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Making a tapered aluminum tube

laukejas

Plastic
Joined
Feb 27, 2022
Do you build racers or cruisers? High tech materials are more expensive. Metal masts are available from marine suppliers in a wide variety of stock sizes. You can't build one as good. If you are a sailor, a big advantage of metal is lightening protection and it becomes apparent once you experience storm conditions.

I build small racing sailboats (3-4 m in length) for myself, as a hobby, sailing and racing inland. But I do have quite a lot of experience with them already. Most are built on a shoestring budget (<1000$). Definitely no high-tech materials. Seaworthiness, storms and lightning are of little concern. I am trying to explore and work out new boatbuilding methods that are both simple and cheap, to share with the rest of the boatbuilding community in my country - other builders with VERY limited financial means.

I am aware that I can't build something as good as the stuff made in factories for class-regulated sailboats. But I want to see how close I can get to that with simple DIY means.
 

GregSY

Diamond
Joined
Jan 1, 2005
Location
Houston
Ries said it best.

This is one of many examples in modern life where we've grown accustomed to things that have shapes and sizes we take for granted....but in reality they're very difficult to make until you invest a few million dollars in tooling....then they're not too bad.

An automobile fender is a good example.

Most machinist and fabricators have had someone show up with a common item they want made....only to be told by the machinist or fabricator that it can't be made....at least not without lots of suffering, time, and money.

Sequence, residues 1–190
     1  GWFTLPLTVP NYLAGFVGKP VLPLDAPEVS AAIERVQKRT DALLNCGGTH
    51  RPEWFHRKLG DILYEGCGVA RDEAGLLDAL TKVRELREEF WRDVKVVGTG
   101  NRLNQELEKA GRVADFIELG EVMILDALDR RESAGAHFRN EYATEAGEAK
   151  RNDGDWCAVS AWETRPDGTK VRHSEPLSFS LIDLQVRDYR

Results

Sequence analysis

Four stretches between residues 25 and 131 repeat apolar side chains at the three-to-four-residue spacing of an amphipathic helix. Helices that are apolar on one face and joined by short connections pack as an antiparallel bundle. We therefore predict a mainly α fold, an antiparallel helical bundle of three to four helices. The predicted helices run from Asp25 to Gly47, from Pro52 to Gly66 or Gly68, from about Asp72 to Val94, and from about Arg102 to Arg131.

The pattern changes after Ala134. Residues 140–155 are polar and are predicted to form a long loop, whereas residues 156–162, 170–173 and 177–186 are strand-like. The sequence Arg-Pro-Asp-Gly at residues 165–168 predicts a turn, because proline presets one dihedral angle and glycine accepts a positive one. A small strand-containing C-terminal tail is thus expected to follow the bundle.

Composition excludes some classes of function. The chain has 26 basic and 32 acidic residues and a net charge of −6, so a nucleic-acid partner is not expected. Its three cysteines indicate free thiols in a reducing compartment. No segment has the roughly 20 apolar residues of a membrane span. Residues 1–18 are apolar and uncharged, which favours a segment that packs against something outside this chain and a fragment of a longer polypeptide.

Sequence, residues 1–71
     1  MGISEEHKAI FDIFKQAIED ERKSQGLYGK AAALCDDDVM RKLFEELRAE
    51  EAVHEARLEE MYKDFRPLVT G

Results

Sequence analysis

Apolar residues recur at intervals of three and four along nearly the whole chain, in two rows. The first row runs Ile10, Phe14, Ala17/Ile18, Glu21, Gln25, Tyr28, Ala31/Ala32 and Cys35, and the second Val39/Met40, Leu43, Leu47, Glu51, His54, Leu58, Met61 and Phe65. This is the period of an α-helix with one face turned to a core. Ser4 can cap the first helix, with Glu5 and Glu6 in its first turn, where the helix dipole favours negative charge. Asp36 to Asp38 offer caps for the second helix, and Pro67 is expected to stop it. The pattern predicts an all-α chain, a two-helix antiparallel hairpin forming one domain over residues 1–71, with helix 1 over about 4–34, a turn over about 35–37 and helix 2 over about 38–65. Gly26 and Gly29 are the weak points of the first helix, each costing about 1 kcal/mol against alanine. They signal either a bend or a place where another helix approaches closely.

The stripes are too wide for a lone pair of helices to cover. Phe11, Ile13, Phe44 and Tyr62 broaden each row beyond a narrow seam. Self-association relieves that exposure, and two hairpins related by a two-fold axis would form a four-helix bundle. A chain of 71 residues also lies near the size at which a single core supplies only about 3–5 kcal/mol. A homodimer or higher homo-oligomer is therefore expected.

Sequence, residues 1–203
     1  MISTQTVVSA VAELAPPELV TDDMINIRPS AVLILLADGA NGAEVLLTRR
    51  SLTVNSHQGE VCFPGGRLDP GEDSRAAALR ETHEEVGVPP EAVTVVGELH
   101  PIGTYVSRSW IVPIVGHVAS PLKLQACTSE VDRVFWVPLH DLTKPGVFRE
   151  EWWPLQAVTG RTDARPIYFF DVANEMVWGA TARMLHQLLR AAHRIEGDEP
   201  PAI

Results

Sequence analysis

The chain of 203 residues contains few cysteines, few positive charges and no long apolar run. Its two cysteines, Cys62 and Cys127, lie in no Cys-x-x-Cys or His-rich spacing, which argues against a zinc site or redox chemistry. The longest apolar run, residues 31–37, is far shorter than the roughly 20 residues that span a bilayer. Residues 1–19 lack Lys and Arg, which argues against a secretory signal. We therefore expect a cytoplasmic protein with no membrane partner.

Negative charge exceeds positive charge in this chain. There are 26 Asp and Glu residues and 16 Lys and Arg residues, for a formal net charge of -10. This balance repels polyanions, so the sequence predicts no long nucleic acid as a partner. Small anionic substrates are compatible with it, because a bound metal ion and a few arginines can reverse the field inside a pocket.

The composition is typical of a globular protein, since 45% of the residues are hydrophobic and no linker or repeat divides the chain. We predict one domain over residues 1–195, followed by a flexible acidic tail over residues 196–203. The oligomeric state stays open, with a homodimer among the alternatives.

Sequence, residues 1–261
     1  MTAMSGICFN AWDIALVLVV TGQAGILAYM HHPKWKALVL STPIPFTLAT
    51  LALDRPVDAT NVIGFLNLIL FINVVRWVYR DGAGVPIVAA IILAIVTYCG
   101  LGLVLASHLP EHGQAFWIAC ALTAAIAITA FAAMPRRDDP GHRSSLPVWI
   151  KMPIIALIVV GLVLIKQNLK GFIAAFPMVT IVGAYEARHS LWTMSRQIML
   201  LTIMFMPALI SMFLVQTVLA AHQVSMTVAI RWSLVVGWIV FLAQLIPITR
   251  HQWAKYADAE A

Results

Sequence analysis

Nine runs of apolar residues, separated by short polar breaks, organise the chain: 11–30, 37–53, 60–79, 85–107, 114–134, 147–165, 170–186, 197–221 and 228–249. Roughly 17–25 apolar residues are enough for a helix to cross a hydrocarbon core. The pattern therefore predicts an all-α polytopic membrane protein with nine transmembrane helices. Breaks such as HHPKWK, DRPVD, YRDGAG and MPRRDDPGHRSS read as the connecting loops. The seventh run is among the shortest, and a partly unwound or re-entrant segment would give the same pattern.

How will you make a decent mast for not too much money or effort? You won't.


If it was me...I'd talk to people who are already making them...or something similar like flagpoles....and spend my time begging their asses to make a one-off for me. They'll give you a 'get lost' price....all that is left is for you to find a way to cover it.
 

Kalispel

Aluminum
Joined
Jan 27, 2021
Location
Ohio
That sounds like a very promising option! I'm just not exactly sure about that first part: why do the halves have to be flat? Wouldn't it be easier to start with a round tube, cut in half with tapering? Starting off with flat plate and making 30 degree lengthwise bend sounds like a very tough challenge...

Also, what kind of water pressure am I looking at for the dimensions I mentioned?


The pressure applied must cause a hoop stress sufficient to overcome the yield strength of the tube causing it to expand. Hoop stress for a thin tube = P*r/t. Depending on the radius and wall thickness, a high pressure washer might do it.

6060 is not a strong alloy. It is a poor choice for this application.
 

Kevin T

Stainless
Joined
Jan 26, 2019
Can a linear array of through holes of increasing size provide enough of a "guide" for your cutting method? Oh yeah I am spitballin but maybe worth a try? I might try a test on a section of this pipe where the drilling would be the largest size and then see if your press can help bring it back into a useable shape for tacking. You can use that lathe of yours to make some female dies for controlling the outside shape at intervals along the axis, but can it be kept straight? I assume you'll be squeezing, tacking and moving up and repeating. If my calculus is tight you are looking at about 1/8" wall tubing. Maybe there is no easy way to control the straightness over that length?
 

Rocketdc

Aluminum
Joined
May 24, 2020
I would try to figure out a way to use the woodworking track saw concept where the saw rides on a linear rail.

The tubing would have to be held in place and secured to keep it straight and the saw rail can be positioned over the tubing to accommodate cutting the slight taper. The saw would either be attached to the rail with a bearing or it would ride on top of it. The rail could be round or flat, the challenge would be accommodating the length. Might have to use a shorter rail and reposition it for several cuts.

To close the tubing for welding I would try to make some dies close to the OD of the tubing, possibly out of wood by cutting holes with a hole saw then splitting the pieces in half for the two dies. Make a bunch and slowly draw them together with clamps along the length of the mast and tack it together once it's closed sufficiently. Would probably create more of a teardrop shape.
 

Gordon Heaton

Stainless
Joined
Feb 19, 2007
Location
St. George, Utah
. . .annealing requires heating up aluminum to ~300°C for hours. How would you suggest I do that on a 5.5 meter long piece? I can't imagine building a heating chamber that big. And how would I perform age hardening?